The Marvel Movies: Blade II (2002)
The “Aliens” of the “Blade” series, the sequel, directed by fantasy meister Guillermo del Toro (“Pan’s Labyrinth,” the “Hellboy” films), “Blade II” amps up the action, the horror, the blood and gore … everything, really, and more.
The sequel sees hybrid vampire Blade (Wesley Snipes) teaming up with the very vampires he hunts in order to defeat a mutant strain of vampires called Reapers, who feed on human and vampire alike.
Carrier X is Jared Nomak (Luke Goss), introduced in a wonderful turning on the head of the setup from the first film, where a vampire lures its victim in; here, the predator goes right into the lair of its prey, letting the vampires think they’re about to victimize some poor schmuck, only to be torn to shreds themselves.
Nomak draws the attention of the vampire overlord Damaskinos (Thomas Kretschmann), whose daughter, Nyssa (Leonor Varella), heads a team of elite vampire warriors.
Meanwhile, while it was more than hinted at that Whistler (Kris Kristofferson) offed himself in the first film, he’s back here with the rationale that the vampires kept him in stasis, halfway between vampire and human, and tortured him. Blade, along with his new weapons man,. Scud (Norman Reedus), rescues him and gives him a shot of some sort that supposedly cures him, but his allegiance is in question for much of the film.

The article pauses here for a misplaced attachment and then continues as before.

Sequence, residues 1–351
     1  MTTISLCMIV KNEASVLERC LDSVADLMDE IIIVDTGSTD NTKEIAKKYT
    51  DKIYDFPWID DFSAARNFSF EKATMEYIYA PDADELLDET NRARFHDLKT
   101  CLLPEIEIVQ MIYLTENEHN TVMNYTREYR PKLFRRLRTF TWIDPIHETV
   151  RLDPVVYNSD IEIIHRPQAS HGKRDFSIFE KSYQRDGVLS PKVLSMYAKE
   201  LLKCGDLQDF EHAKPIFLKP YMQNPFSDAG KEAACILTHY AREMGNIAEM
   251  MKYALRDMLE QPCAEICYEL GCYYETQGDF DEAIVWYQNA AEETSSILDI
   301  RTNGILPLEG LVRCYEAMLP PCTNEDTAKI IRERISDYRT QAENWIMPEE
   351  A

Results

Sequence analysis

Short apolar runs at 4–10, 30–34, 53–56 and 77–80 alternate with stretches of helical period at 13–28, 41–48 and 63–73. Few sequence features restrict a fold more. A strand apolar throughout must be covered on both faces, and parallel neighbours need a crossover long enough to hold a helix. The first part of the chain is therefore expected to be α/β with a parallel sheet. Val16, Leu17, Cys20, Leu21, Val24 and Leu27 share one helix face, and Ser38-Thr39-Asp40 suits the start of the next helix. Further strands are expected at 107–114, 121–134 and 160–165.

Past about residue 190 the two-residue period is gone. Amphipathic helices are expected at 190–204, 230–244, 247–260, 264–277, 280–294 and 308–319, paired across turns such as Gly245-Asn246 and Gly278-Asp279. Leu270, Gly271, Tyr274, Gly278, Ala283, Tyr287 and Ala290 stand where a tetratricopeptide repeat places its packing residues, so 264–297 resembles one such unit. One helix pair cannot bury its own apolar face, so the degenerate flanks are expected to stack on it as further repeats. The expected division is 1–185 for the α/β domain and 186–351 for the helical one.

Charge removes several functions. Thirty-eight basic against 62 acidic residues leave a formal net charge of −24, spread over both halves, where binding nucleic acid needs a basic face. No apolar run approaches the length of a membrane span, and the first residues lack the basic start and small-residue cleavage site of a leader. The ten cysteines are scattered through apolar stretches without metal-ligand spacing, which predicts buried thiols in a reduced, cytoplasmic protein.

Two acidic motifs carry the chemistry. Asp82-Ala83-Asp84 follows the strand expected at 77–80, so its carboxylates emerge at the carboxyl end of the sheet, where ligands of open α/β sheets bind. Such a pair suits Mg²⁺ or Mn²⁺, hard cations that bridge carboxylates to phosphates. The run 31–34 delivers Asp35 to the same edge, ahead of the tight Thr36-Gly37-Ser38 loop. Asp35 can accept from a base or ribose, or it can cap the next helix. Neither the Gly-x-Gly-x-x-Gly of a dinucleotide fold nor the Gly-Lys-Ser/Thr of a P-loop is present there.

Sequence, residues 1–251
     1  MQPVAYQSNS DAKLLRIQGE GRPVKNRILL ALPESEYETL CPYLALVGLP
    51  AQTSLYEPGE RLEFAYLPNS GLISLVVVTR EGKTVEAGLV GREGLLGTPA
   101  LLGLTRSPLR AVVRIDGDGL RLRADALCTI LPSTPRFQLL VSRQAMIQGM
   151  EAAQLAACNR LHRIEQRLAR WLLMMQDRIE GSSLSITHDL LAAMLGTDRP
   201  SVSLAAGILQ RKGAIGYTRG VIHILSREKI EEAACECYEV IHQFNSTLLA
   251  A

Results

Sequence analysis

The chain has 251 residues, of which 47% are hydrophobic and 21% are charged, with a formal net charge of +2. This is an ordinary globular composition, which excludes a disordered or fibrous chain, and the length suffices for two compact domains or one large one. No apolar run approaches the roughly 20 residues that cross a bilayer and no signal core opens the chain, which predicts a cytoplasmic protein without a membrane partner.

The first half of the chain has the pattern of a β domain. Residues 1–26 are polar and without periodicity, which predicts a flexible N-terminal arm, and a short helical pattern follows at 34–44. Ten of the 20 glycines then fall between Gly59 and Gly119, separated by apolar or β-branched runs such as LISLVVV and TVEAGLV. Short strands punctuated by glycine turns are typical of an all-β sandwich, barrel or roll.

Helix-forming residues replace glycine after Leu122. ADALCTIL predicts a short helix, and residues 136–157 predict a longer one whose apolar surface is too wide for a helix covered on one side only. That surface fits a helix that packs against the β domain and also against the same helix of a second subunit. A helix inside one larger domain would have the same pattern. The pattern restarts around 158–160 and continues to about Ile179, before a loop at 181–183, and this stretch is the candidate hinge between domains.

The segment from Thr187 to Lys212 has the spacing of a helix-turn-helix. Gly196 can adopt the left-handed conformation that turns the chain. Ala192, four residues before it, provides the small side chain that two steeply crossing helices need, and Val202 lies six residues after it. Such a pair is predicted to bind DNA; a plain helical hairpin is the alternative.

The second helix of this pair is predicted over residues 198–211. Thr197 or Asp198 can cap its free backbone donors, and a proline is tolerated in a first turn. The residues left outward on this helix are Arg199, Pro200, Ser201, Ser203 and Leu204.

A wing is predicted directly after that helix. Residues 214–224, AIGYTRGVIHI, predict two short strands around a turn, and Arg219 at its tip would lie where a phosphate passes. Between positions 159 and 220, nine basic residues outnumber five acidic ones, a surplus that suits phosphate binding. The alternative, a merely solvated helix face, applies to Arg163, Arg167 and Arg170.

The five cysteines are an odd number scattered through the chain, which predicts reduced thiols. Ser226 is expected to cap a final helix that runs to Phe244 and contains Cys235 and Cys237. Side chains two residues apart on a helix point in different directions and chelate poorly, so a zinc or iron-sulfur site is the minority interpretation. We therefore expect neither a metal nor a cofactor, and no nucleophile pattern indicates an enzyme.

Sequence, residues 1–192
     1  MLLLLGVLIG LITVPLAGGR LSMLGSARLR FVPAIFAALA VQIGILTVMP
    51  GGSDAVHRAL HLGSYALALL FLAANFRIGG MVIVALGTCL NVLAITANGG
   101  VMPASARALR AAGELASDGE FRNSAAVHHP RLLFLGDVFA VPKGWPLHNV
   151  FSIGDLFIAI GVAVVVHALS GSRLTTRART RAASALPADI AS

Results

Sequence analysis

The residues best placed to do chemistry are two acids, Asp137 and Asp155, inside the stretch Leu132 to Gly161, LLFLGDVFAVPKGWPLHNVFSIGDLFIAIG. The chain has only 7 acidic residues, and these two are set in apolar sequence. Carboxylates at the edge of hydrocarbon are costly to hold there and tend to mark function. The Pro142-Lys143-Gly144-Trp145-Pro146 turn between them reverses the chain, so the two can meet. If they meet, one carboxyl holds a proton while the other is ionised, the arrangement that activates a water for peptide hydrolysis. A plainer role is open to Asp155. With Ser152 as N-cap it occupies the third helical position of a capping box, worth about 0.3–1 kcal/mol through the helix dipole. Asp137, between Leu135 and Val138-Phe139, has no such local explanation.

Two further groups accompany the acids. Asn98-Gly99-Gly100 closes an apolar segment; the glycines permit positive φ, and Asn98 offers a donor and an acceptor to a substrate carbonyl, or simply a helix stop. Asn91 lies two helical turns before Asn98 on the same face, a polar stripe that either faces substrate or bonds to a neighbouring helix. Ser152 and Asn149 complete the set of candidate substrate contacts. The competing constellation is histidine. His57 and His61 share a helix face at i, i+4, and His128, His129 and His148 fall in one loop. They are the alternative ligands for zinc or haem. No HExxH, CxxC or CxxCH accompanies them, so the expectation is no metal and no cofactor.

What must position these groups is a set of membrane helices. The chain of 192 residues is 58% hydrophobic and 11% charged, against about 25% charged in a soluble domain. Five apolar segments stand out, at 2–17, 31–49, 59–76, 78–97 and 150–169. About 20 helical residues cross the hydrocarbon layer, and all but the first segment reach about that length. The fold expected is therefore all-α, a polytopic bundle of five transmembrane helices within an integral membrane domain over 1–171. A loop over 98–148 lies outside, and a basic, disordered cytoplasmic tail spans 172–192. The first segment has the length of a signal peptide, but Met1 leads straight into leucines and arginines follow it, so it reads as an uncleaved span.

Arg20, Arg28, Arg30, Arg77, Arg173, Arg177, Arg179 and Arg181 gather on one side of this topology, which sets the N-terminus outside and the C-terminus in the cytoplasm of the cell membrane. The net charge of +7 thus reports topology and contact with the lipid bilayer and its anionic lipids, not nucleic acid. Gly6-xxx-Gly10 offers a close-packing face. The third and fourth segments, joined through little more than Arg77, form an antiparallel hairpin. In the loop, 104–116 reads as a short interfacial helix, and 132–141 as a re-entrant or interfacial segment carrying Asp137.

The vampires approach Blade for a truce in order to hunt down and destroy Nomak and the Reapers he’s already created. But the ceasefire is an uneasy one, full of distrust and betrayal at every turn. And their task isn’t going to be easy either, considering garlic and silver don’t work on them and their hearts are completely encased by bone. Even if they’re decapitated, their bodies don’t die completely.
As mentioned, the amped-up stakes mean excess in every area. The gore is trumped up to the degree that we are brought into a vampire “safehouse,” which is basically a sort of S&M rave where vampires put razor blades in their mouths instead of pills and other vamps have their bodies cut open and their insides messed with. Later, we get a Reaper dissection scene.
With the ramped-up tension comes some great opportunities for horror, which is where the “Aliens” part comes in. Blade and the vampires infiltrate the Reapers’ nest, and we see the villains racing along walls, dropping in and swarming on their victims.
If there’s a negative aspect to the action, it’s the use of bad CG at times. During some of the fight scenes, the switch from real actors to CG is obvious because they suddenly look like rubber band men (and women). It’s distracting in a few sequences, but there’s a lot of really good actor-on-actor fight scenes to make up for it.
Snipes is again effective, but there’s also more of one drawback from the first film: his insistence on silly poses and the occasional dialogue meant to be comedic that goes against character. In the first film, we got an exaggerated fist pump after he dispatched a baddie; this time he blows a kiss … to his car. That’s not acting; that’s ego, which, we’ll learn, mars the franchise’s second sequel, “Blade Trinity.”
del Toro, though, crafts a thrilling picture, again making not so much a movie as letting us inside a fully realized fantasy world. It’s the best film of the series and one of the stronger Marvel pictures all around.
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